December 27, 2012

Do you like this?

Christmas just isn’t complete until I sit down with an oversized mug of spiked sipping hot chocolate and watch the ’80s classic, “A Christmas Story.” Seeing Ralphie struggle through the holidays and pine over the coveted Red Ryder BB gun always reminds me of my childhood and the year I petitioned Santa for a brass and pewter Matfer Bourgeat duck press. Unlike Ralphie, I was not rewarded for my good behavior and did not receive a shiny canard presse that year. Instead, I had to settle for an Evil Knievel stunt cycle which I used to torment my mother who I still blame for the duck press shaped hole in my heart that remains to this day.

The final, and funniest, scene in “A Christmas Story” takes place in a small Chinese restaurant (called Chop Suey Palace for you trivia buffs) on Christmas Day. While I have no serious interest in eating westernized Chinese food on Christmas Day while a trio of waiters with a tenuous grasp on English belt out Christmas carols, I do get a craving for Asian food during the hustle and bustle of trying to pick out just the right slab of gift bacon for that special lady. Of course, after a long day of battling soccer moms for a parking space at World Market I just want to get home as quickly as possible, slip into a nice smooth glass of brown liquor and have food brought directly to my front door. But there is a problem with this perfect post-modern holiday scenario—Asian restaurants in Chattanooga don’t deliver.  

How can this be? What have we done to anger the delivery gods? What sacrifices must be made to appease the lords of takeout so that my fellow Chattanoogans and I can have General Tso’s Chicken and other Asian delights brought straight to our doorstep? It’s not as though Asian food delivery is a new or unusual concept. There are print references to Chinese food delivery from the Kin-Chu Cafe in Los Angeles from as early as 1922. The earliest reference for pizza delivery only goes back to 1953, but you can’t swing a pizza peel around in Chattanooga without hitting a pizza place that delivers.  

To be fair, there are ways to get Asian food delivered to you in Chattanooga, but the criteria are narrow and strict. Restaurants such as Hunan Wok on 23rd Street offer delivery, but only when they have the staff available or when the owner is in a good mood—or when the moon is in the right phase. They have a strict $15 minimum order, which seems like pocket change when compared to Panda Chinese in Hixson, who will deliver as long as you’re ordering at least $40 worth or more. There’s always Dinner Delivered, who have a decent selection of Asian restaurants to choose from for a $5 delivery fee and a $15 minimum order, but they are essentially picking up your to-go order from restaurants that do not deliver. If we wanted to get technical geographically, University Pizza on Vine Street delivers Middle Eastern food and the Middle East is technically Asia, but when I want Asian food delivered I’m not usually thinking falafel or baba ganoush, even if it is delicious and delivered.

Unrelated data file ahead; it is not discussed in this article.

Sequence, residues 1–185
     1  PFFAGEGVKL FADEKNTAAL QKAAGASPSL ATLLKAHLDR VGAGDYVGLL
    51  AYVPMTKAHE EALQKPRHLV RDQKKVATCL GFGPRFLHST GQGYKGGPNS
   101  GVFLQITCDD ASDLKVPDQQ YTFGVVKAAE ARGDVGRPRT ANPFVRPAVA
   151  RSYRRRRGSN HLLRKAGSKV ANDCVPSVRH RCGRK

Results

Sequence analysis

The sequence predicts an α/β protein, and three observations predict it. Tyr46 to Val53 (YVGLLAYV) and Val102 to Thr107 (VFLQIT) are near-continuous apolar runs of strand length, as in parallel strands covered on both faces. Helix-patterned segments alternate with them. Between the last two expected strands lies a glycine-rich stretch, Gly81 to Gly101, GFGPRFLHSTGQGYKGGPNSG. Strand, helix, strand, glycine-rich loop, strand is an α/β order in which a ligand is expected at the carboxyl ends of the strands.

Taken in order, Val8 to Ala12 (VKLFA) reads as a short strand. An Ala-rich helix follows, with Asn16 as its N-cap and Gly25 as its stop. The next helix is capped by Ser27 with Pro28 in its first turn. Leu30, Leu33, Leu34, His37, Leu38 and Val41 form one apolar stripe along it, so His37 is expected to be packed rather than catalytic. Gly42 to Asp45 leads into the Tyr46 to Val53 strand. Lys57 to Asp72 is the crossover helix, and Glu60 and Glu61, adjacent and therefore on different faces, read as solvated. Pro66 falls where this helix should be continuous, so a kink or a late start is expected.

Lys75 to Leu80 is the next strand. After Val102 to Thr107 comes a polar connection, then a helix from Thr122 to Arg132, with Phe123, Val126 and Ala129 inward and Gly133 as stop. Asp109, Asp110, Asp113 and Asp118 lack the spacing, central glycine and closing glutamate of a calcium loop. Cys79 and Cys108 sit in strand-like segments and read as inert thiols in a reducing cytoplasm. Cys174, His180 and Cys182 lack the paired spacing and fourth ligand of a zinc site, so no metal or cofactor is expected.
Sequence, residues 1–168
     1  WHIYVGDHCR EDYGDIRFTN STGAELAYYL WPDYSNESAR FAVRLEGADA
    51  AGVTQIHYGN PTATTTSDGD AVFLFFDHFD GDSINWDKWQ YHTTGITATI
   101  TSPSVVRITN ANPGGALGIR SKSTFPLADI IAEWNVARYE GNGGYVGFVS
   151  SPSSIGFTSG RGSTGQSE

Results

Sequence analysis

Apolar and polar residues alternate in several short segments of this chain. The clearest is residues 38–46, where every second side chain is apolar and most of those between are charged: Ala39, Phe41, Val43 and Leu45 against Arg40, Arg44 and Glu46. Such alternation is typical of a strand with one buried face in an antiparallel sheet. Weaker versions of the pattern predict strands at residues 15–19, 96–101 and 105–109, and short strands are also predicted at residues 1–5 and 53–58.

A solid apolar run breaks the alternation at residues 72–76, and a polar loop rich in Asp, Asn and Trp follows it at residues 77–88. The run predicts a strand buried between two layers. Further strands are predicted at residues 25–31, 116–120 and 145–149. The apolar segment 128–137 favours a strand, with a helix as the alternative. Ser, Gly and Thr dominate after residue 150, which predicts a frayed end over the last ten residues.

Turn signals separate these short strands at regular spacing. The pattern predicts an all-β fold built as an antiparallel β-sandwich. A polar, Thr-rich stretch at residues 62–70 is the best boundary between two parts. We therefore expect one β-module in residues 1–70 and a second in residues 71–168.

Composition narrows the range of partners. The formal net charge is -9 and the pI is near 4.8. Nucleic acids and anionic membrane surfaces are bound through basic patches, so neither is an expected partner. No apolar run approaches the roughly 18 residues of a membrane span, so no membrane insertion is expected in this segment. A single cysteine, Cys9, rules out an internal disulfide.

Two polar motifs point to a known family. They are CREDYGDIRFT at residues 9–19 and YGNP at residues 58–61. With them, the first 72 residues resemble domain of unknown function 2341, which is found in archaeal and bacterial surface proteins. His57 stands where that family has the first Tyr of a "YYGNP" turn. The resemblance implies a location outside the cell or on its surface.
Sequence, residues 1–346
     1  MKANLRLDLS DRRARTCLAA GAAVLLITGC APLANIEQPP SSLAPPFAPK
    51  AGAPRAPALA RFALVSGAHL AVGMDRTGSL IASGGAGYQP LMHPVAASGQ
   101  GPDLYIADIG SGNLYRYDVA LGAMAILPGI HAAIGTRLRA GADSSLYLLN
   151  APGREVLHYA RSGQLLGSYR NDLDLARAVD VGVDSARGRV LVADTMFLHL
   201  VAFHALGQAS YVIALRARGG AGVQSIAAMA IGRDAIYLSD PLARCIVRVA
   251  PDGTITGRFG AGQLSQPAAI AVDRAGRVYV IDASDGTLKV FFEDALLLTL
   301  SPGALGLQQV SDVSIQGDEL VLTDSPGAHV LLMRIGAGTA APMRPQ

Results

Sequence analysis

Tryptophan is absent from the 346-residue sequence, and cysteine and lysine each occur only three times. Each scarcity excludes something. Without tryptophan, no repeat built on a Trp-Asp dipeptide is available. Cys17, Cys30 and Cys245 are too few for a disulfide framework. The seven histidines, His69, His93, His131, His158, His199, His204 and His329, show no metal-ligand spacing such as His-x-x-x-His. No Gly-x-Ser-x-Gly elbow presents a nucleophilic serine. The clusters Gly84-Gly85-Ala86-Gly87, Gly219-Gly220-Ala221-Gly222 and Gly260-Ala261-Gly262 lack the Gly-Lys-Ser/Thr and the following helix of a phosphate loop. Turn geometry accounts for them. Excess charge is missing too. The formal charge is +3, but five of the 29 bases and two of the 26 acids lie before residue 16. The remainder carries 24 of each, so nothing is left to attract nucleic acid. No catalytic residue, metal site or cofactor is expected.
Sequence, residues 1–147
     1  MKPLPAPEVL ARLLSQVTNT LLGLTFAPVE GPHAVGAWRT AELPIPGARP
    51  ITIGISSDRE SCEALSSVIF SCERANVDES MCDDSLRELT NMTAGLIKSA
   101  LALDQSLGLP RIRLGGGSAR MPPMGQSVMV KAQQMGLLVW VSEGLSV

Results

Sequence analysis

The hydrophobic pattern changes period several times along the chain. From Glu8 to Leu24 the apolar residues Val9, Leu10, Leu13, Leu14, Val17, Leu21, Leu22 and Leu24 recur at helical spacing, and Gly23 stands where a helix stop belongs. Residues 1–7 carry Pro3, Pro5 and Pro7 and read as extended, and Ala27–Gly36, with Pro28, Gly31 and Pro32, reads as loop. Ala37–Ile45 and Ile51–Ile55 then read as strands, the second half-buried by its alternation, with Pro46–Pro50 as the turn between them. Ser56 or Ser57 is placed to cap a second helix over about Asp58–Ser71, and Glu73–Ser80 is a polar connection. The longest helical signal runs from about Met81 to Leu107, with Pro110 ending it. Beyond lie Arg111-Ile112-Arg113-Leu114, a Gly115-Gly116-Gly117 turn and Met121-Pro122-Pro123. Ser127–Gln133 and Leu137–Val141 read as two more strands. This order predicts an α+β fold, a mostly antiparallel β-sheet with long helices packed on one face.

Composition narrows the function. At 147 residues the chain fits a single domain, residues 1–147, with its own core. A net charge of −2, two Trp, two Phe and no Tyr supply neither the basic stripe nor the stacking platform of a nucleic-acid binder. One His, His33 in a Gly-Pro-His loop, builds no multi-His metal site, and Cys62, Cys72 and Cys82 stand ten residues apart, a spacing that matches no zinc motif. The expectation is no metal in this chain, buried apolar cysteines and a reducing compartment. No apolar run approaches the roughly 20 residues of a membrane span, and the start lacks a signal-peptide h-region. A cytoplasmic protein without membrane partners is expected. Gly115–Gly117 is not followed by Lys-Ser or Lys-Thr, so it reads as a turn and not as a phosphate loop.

So the question remains why, in a city the size of Chattanooga, do we not have dependable, affordable and plentiful Asian delivery restaurants? Where are the fleets of cars delivering sacks of white Fold-Pak take-out cartons full of sweet and sour pork or dim sum? (Interesting fact: Those clever, white, wire-handled take-out cartons are called “food pails” and were originally invented as oyster pails.) It’s not that Chattanooga is too spread out or that we’re bad tippers, or that insurance rates are higher here than in other cities. The reason we are in an Asian food delivery desert is a perceived lack of demand.

When I’ve asked owners of Asian restaurants here in Chattanooga why they don’t deliver, the most common answer comes down to demand; they do not believe enough Chattanoogans want Asian food delivered to make it viable for their business. So, People of Chattanooga, let your voices be heard! Tell the owners and managers of your favorite Asian restaurants that you want delivery and encourage your friends to do the same. We have to show these business owners that Chattanoogans deserve more choice from their delivery options than just thin crust or thick. Say it with me now: What do we want? Asian food delivery! When do we want it? Now!

Join Mike McJunkin in demanding Asian food delivery in Chattanooga by visiting him on


December 27, 2012

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